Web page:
Illinois might allow parents to leave 12-year-olds home alone
Illinois has the strictest latchkey law of any state. A new bill looks to change the minimum age parents can legally leave their children home alone from 14 to 12.
It’s illegal for parents in Illinois leave a child under the age of 14 home alone, but the nation’s strictest standard for giving parents that choice might change.
House Bill 4305 changes that age from 14 to 12. State Rep. Sue Scherer, D-Decatur, introduced the bill in December after multiple families expressed concern.
“I have lots of constituents who have reached out to me about this,” Scherer said. “It’s causing a lot of hardship on our working families.”
Illinois’ minimum age of 14 is the highest in the nation. There are 39 states that set no minimum age to leave a child home alone, they leave that up to parents.
“People who have talked to me say, ‘I have a 13-year-old and I want to leave them alone for a half an hour between when I have to go to work and when they have to go to school.’ It is very extreme the way the law is written right now,” Scherer said.
Marie Coobes, team manager at the Illinois Childcare Resource Service, said every child is different, and parents deciding for their child is more appropriate than setting a certain age standard.
“There are 12-year-olds who should not be home alone because they can’t be trusted to keep themselves safe,” Coobes said, adding “It’s so individual to the child.”
Coobes suggests parents talk to their kids about boundaries, and maybe a trial run where the child is left home for a small amount of time. She recommends not allowing children to answer the door when home alone, unless it’s a trusted person like a family member.
The bill is currently assigned to the House Judiciary Committee’s criminal subcommittee, but Sherer expects it to pass in the coming weeks.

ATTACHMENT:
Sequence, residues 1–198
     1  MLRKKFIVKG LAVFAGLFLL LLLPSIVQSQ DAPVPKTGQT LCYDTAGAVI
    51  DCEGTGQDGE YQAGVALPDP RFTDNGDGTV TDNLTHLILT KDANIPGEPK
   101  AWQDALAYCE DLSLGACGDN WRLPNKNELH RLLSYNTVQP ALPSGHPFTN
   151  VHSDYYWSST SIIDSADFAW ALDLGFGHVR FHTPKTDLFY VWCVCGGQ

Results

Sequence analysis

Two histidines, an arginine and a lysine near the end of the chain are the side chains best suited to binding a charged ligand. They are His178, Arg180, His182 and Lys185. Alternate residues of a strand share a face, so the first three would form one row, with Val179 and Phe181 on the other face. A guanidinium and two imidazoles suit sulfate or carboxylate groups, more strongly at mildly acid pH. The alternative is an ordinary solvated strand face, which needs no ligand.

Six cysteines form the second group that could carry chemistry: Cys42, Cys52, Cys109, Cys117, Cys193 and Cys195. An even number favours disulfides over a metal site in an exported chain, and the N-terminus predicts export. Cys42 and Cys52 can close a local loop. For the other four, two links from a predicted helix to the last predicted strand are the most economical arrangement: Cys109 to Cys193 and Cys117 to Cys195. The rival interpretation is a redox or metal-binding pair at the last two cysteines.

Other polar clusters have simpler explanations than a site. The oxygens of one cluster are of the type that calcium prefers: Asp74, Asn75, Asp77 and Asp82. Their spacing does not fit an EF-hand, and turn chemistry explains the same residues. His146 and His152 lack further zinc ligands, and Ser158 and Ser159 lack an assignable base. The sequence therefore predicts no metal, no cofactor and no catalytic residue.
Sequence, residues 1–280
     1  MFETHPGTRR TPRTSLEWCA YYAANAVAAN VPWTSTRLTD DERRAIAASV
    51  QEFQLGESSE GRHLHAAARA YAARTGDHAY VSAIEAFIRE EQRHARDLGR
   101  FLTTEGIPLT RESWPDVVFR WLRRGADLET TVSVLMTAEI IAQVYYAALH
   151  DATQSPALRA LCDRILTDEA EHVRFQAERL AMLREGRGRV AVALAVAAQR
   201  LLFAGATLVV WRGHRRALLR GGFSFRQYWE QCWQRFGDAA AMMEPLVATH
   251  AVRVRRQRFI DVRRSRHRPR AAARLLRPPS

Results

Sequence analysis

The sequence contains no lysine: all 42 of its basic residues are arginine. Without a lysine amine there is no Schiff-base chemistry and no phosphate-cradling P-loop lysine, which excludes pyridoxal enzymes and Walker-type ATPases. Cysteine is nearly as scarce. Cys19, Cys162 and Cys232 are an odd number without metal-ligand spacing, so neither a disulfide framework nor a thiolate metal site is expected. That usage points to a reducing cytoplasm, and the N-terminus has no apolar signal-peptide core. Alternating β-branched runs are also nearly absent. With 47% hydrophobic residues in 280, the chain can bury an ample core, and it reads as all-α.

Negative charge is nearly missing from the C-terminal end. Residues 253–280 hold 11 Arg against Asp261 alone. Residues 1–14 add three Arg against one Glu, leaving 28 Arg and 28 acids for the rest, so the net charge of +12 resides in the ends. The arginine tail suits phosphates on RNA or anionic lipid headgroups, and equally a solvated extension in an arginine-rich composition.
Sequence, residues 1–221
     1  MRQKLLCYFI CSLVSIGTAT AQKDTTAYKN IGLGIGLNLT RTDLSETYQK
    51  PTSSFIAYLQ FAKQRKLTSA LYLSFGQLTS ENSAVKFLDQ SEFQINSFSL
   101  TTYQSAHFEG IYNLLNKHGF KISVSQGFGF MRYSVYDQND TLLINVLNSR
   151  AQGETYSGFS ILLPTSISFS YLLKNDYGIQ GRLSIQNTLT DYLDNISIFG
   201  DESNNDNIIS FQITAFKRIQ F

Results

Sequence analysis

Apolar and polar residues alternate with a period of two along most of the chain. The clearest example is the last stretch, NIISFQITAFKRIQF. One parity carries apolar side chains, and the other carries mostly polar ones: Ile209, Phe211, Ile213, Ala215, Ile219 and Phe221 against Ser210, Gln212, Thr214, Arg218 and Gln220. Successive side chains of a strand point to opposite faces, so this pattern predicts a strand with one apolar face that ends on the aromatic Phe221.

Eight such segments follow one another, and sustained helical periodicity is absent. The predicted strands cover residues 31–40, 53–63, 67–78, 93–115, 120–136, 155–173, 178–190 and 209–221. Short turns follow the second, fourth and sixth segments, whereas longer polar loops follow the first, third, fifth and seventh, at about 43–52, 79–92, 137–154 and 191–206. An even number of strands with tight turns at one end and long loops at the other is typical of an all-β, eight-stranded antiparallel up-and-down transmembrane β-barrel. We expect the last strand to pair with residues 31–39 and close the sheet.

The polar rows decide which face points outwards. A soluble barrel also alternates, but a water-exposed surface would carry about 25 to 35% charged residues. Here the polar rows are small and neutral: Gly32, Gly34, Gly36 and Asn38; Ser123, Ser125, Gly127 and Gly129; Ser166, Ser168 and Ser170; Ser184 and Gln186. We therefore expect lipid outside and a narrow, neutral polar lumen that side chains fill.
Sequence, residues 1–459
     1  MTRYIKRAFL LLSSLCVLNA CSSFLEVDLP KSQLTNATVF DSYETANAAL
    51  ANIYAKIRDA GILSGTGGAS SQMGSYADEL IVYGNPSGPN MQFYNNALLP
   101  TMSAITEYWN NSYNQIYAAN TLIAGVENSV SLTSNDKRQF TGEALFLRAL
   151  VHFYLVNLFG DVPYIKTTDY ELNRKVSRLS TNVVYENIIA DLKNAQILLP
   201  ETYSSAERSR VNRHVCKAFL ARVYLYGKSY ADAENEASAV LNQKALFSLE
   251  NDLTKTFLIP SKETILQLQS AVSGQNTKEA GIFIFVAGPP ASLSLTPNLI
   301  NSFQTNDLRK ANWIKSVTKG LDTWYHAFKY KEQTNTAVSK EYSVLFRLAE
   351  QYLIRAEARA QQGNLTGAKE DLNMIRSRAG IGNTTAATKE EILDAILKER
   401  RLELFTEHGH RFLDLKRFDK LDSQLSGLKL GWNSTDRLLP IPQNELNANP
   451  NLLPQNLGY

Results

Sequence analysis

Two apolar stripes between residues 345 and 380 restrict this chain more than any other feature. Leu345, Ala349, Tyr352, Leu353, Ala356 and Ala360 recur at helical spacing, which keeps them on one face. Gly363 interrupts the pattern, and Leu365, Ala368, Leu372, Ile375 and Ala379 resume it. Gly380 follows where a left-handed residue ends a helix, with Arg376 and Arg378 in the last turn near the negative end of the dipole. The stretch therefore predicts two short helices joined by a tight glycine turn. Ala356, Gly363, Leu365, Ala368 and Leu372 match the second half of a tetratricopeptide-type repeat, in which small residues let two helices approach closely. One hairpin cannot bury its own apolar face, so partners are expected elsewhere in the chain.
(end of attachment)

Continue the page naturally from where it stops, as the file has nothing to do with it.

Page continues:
Illinois’ home alone law has been arbitrarily applied and is vague. State law considers it neglect or abuse when “any minor under the age of 14 years whose parent or other person responsible for the minor’s welfare leaves the minor without supervision for an unreasonable period of time without regard for the mental or physical health, safety, or welfare of that minor.”
The law doesn’t define “an unreasonable period of time,” leaving it up to the interpretation of government employees, opening up potential to abuse the rule.
Wilmette mother Corey Widen knows it all too well. In 2018, she let her 8-year-old daughter, Dorothy, walk their dog, Marshmallow, around the block. A neighbor noticed her walking alone and called the police, who saw no grounds for negligence.
But the Illinois Department of Children and Family Services opened an investigation. After enough scrutiny and uncertainty to leave mother and daughter traumatized, DCFS dropped the case.
Letting a 12-year-old home alone is better than the state deciding no 13-year-old is responsible enough and parents can’t assess their own children’s maturity. But what Illinois should really do is get out of the parent-child relationship, just like 39 other states.